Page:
The swing from front to underfloor engines on heavyweight chassis was swift and virtually complete by 1953, these chassis were bespoke passenger chassis with major components such as engines and axles common with the goods vehicles from the same stable but a totally different chassis configuration.
The front engined chassis bodied after this time, were almost exclusively the lightweight types from Bedford, Commer, Austin and by the late-fifties, Ford. These were still closely derived from the respective manufacturers truck ranges, a policy which gave rise to significant economies in manufacture but one which resulted in certain compromises in layout etc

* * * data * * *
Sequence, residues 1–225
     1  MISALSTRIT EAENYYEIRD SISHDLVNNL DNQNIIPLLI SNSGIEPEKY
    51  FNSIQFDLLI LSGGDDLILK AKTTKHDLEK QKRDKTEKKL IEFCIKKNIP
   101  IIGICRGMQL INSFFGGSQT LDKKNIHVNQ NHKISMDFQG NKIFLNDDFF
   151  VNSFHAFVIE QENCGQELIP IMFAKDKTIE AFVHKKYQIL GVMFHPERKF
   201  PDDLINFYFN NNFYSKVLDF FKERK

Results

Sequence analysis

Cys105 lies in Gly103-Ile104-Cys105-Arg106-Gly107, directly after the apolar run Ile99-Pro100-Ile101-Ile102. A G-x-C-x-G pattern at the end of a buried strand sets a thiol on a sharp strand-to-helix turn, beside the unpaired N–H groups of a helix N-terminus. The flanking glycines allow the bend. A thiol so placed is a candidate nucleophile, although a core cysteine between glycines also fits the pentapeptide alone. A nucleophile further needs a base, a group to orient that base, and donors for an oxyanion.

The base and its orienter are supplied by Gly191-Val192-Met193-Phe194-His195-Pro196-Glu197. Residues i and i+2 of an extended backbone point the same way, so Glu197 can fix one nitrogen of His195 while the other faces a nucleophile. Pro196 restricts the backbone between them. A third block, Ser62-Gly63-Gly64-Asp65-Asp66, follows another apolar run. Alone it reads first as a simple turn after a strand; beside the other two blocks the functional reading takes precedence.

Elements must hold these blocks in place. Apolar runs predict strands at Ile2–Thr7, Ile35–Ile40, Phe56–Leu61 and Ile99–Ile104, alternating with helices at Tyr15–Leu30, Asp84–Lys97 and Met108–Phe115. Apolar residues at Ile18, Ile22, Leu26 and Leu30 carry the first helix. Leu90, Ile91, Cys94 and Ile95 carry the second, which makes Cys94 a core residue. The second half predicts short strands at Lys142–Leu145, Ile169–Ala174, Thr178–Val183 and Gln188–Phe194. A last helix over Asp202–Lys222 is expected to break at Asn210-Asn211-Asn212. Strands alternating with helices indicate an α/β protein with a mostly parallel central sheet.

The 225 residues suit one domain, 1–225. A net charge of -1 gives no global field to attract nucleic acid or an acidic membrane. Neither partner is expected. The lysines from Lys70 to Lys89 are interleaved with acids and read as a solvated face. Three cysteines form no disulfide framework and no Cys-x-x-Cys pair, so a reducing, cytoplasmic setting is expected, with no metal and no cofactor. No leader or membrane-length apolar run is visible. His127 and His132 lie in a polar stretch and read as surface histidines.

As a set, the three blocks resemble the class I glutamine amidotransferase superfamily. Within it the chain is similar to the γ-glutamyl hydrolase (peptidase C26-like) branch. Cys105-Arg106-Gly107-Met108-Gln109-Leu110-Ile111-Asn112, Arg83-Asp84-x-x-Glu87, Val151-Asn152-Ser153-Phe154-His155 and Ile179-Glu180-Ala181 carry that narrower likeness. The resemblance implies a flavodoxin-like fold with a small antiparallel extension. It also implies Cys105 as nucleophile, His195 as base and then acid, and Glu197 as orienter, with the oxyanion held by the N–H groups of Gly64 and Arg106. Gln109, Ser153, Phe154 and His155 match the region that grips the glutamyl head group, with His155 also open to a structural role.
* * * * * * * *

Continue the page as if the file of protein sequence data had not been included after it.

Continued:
The newly evolving body styling set Plaxton on a road which would see them set new benchmarks for style and engineering capabilities, it also set the company on the road to greater success.
In 1957, the prominent South Yorkshire coach operator and major Plaxton customer, Sheffield United Tours, were managed by Ben Goodfellow, reputedly a gentleman who set his sights high and was rarely disappointed. He had a vision to introduce a new style of coach, which would distinguish his from anything else on the road, offering new standards of comfort, visibility and above all, style. He turned to Plaxton for a solution and the result was the first of the legendary Panorama design.